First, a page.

French Presidential Hopeful Macron Considers Enforcing Encryption Backdoors Upon US Tech Companies

It has been a little while since government officials around the world last mentioned encryption backdoors. This discussion is brought to the forefront once again by Emmanuel Macron, one of the many French Presidential hopefuls. His goal is to force US tech companies into creating encryption backdoors. So far, no one gives his plan any chance of succeeding, yet the French public seems to be gobbling up the news regardless.

Yet Another Encryption Backdoor Debate

For some unknown reason, governments around the world continue to believe encryption backdoors are the right way to go. Even though weakening encryption is never the answer to any problem, French Presidential hopeful Emmanuel Macron feels differently. In fact, he vowed to make US tech companies insert encryption backdoors per his request, assuming he becomes the next President of France.

This latest message has gotten macron a fair bit of support from the French public, even though there are quite a few industry experts who oppose his ideas. Some US residents may remember the name of Emmanuel Macron, as he tried to poke holes in President Trump’s anti-climate change stance. Moreover, he also vowed how France would welcome “dejected” US scientists with open arms. A rather controversial statement, although the French population seemed to take a liking to it.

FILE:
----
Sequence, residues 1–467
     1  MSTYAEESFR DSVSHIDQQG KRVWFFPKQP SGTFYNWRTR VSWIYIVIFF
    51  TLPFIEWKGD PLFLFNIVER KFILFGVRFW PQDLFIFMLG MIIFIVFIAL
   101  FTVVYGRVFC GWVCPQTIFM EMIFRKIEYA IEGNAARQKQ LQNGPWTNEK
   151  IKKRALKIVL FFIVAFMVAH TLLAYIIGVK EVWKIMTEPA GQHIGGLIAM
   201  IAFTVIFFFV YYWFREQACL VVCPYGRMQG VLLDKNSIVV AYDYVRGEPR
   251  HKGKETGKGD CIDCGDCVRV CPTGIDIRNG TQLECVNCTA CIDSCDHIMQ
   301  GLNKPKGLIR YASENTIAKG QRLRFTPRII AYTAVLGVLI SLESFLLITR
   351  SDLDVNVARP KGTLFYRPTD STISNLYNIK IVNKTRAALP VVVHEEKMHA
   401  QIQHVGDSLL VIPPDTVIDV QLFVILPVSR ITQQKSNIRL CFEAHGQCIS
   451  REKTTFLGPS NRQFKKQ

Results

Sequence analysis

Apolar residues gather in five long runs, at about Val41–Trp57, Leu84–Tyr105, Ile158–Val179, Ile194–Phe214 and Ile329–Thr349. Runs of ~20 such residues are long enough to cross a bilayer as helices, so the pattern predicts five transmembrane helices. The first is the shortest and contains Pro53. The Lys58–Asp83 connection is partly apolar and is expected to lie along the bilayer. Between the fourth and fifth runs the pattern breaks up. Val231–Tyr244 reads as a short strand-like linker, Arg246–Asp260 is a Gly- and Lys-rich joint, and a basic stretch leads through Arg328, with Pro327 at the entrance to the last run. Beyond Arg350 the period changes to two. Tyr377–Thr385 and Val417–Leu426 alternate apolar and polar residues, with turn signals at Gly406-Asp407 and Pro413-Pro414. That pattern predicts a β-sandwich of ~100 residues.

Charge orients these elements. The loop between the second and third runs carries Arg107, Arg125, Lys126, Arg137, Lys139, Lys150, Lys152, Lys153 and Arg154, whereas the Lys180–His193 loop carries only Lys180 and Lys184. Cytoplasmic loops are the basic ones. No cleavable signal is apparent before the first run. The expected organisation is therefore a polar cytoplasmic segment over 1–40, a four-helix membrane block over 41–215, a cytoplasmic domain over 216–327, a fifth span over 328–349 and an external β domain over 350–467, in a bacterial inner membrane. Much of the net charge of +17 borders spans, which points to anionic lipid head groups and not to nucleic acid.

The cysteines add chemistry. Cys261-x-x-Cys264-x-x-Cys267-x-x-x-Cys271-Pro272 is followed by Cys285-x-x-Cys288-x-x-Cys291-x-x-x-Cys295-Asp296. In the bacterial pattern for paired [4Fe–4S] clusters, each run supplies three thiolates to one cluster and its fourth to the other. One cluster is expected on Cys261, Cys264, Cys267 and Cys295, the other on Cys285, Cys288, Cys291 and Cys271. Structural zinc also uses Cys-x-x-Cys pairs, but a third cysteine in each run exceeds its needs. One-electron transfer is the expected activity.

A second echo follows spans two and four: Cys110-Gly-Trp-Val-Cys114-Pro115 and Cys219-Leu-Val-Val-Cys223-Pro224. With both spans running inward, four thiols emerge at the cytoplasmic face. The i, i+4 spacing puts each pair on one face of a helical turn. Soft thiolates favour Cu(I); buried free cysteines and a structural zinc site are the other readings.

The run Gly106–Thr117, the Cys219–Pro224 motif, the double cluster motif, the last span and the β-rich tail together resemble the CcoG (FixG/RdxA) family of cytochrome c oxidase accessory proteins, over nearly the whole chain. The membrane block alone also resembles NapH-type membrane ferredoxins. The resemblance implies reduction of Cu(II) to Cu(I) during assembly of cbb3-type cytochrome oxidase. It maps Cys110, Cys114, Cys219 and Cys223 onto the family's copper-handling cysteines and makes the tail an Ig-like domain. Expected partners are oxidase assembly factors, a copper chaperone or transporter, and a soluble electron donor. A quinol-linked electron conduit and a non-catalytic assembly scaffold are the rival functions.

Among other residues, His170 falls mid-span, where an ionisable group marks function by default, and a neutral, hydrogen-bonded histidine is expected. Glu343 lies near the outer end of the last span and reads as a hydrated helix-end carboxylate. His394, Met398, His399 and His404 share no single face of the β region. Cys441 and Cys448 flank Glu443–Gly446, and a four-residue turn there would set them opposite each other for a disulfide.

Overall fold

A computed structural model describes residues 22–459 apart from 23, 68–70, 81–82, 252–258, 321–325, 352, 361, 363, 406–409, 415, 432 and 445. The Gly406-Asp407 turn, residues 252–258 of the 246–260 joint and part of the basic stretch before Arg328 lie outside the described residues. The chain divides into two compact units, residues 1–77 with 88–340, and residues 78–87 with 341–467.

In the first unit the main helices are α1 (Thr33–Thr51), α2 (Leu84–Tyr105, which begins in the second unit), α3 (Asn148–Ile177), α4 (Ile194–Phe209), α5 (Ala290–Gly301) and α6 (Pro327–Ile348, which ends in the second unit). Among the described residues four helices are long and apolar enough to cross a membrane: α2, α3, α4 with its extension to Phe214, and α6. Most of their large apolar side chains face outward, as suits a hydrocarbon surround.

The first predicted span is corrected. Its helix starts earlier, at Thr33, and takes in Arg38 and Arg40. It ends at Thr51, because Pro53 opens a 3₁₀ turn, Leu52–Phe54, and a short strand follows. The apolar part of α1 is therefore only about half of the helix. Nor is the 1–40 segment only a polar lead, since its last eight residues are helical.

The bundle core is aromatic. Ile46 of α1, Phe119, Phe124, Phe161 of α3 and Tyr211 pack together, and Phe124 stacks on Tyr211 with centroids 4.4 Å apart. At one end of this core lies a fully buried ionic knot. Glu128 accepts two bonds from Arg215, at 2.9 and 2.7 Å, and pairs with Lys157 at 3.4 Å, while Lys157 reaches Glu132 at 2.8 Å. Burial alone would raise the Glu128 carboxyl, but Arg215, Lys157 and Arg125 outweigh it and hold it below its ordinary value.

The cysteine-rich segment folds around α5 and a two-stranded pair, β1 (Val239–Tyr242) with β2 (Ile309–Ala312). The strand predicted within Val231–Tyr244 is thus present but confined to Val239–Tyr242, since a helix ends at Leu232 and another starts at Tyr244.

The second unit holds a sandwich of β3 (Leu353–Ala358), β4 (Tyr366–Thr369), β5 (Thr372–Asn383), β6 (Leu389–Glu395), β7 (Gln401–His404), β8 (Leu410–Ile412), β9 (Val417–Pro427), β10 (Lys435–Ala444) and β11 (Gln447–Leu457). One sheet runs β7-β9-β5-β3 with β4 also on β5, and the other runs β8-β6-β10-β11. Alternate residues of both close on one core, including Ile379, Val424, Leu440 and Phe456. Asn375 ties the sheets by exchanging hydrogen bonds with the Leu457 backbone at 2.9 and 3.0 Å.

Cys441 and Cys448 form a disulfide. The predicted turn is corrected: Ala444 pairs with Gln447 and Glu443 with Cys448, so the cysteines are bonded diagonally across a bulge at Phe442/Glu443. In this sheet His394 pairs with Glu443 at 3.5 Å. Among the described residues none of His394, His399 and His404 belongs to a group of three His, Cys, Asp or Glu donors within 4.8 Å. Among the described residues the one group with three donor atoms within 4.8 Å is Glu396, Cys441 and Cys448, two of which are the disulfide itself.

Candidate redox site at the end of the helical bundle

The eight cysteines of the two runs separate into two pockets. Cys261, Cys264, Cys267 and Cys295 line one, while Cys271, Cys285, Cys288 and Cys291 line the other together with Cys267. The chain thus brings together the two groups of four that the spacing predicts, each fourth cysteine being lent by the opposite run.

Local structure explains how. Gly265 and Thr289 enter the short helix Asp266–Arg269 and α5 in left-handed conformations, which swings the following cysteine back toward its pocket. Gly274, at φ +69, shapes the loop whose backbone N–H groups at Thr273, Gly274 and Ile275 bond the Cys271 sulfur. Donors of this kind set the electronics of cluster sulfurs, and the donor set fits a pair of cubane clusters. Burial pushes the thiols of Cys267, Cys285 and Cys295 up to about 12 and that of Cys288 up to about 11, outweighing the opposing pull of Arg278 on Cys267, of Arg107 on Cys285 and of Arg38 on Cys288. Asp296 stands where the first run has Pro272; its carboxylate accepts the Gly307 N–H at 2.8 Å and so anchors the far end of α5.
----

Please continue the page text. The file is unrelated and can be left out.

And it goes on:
Up until this point, Macron has never been too vocal about anti-terrorism regulations. For some unknown reason, he suddenly decided that encryption backdoors are an absolute must, especially where US tech companies are concerned. It seems evident the relationship between the US and France has taken quite a beating over the past few months, as this is more of a political statement rather than an actual threat.

To be more specific, Macron feels now is a good time to sacrifice security and privacy in the fight against terrorism. One of his proposals revolves around legally compelling social media companies to give authorities access to encrypted messages. This would only apply to terrorist suspects, but then again, anyone can be a terrorist suspect in this regard. Among the companies he wants to “talk to” are Facebook, Twitter, Apple, and Google.

If the European Union were to undermine encryption, a lot of irreparable damage can be done in quick succession. Tech companies should continue to oppose government requirements when it comes to weakening encryption, as it is in nobody’s best interest. It is not unlikely a lot of US companies would leave the European market if push came to shove, though.

One thing to keep in mind is how Macron is not on the shortlist of potential future French President candidates. While he is still in the running, his chance of succeeding is “moderate at best”. Then again, one never knows how things will play out when it comes to politics. Additionally, the French regulators would need to comply with Macron’s desire to create encryption backdoors, which seems highly unlikely at this point.

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